Two Different Techniques In Treatment Of "Mallet Finger" Injury
Tomislav Jovanoski, MD, Sofija B Pejkova, MD, PhD, Bisera Nikolovska, MD, Igor Peev, MD, PhD, Gordana Georgieva, MD and Blagoja Srbov, MD, University Clinic for Plastic and Reconstructive Surgery, Medical Faculty, University "St.Cyril and Methodius", Skopje, Macedonia, The former Yugoslav Republic of
Introduction: Flexion deformity of the finger at DIP (distal interphalangeal) joint or Mallet finger is a condition caused by the disruption of the extensor tendon apparatus at the joint alone or combined with fracture of the distal phalanx. The aim of this study is to compare functional results after treatment of mallet finger injuries using open or closed technique.
Materials and Methods: For the aim of this study we have retrospectively analyzed 36 patients treated at University Clinic for plastic and reconstructive surgery in the period from January 2015 till December 2018. All patients were selected according precisely defined criteria for inclusion in the study. Patients were divided in two groups, Group A (20 patients), where open tenorrhaphy was performed and Group B (16 patients), where percutaneous tenorrhaphy was treatment of choice. Age, sex, type of injury, dominant or non-dominant hand, type of treatment, complications were recorded for every patient. Patients were followed-up weekly, 1, 3, 6, 9 and 12 months after treatment. The functional outcome after the treatment of the injury was assessed using the Crawford criteria.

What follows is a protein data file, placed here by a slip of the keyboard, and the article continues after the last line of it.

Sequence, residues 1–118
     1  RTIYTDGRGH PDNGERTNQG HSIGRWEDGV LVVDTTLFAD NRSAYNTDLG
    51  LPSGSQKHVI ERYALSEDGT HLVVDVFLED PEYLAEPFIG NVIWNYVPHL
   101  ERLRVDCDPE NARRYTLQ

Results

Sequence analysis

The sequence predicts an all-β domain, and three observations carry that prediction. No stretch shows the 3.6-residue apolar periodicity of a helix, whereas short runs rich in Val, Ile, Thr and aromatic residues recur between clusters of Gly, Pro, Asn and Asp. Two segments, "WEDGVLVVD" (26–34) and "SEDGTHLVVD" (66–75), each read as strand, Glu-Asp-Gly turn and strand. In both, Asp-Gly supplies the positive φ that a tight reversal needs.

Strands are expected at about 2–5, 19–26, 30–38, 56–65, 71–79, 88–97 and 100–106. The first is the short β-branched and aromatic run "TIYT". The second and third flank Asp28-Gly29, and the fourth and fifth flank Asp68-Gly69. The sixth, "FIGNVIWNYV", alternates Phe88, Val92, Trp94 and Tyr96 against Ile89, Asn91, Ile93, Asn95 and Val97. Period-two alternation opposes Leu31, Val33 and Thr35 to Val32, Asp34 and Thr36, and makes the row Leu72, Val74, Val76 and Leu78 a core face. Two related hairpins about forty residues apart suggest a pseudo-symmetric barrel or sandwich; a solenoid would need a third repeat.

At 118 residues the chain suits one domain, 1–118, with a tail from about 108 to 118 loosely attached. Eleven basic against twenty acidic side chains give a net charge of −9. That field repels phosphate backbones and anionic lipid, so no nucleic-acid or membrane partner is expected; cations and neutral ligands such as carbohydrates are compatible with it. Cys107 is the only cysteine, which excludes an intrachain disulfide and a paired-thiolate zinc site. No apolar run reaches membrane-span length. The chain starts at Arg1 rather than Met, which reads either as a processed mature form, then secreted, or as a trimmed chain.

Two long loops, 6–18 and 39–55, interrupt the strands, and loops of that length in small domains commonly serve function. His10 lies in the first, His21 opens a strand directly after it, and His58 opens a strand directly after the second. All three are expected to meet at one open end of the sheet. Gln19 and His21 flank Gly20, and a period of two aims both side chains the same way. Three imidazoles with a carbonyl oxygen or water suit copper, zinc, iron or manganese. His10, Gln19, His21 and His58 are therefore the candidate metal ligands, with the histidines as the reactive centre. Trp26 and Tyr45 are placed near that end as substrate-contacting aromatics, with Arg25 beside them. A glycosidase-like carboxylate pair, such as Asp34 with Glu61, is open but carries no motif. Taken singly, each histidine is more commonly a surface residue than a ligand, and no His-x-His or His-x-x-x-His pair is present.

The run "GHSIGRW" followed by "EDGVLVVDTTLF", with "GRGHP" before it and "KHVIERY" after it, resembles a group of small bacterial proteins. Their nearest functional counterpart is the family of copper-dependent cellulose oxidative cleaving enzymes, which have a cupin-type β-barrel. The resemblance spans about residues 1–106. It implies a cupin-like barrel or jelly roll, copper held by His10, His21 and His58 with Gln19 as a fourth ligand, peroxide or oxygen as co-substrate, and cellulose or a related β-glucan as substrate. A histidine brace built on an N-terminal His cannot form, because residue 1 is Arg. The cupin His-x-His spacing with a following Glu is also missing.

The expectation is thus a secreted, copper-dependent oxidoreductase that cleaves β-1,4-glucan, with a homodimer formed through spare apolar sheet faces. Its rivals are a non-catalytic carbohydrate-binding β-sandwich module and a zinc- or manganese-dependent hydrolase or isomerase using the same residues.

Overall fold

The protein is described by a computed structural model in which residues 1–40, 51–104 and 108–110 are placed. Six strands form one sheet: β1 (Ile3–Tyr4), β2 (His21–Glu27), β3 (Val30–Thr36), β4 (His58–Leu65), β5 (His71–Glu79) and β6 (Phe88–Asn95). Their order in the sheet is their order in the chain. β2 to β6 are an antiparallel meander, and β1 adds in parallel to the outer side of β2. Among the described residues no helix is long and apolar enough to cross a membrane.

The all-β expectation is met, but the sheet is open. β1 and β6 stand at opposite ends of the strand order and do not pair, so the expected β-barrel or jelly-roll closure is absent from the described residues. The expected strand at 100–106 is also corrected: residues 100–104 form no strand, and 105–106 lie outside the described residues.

Results: According the Crawford criteria an excellent outcome was found in 12 from Group A and 11 from Group B, good outcome was found in 8 from Group A and 5 from Group B. There was only 1 fair outcome in patient from Group B and no poor outcome at all. Our results showed that there were only excellent and good outcomes with average of 3,5 ± 0,5 degrees extension deficit in patients that had open tenorrhaphy and also excellent and good outcomes with one fair outcome in patients with percutaneous tenorrhaphy with average of 3,2 ± 0,8 degrees extension deficit. The results of our study have shown that there is no statistical difference in the final outcome between these two operative techniques.
Conclusion: Mallet finger is more frequent in males and the dominant hand. Skin complications such as partial epidermolysis, are more common in patients with open tenorrhaphy. Final outcome was not affected in any point, therefore we can conclude that open or percutaneous tenorrhaphy treatment of the open mallet finger injury can be used as a method of treatment, without different clinical outcome.
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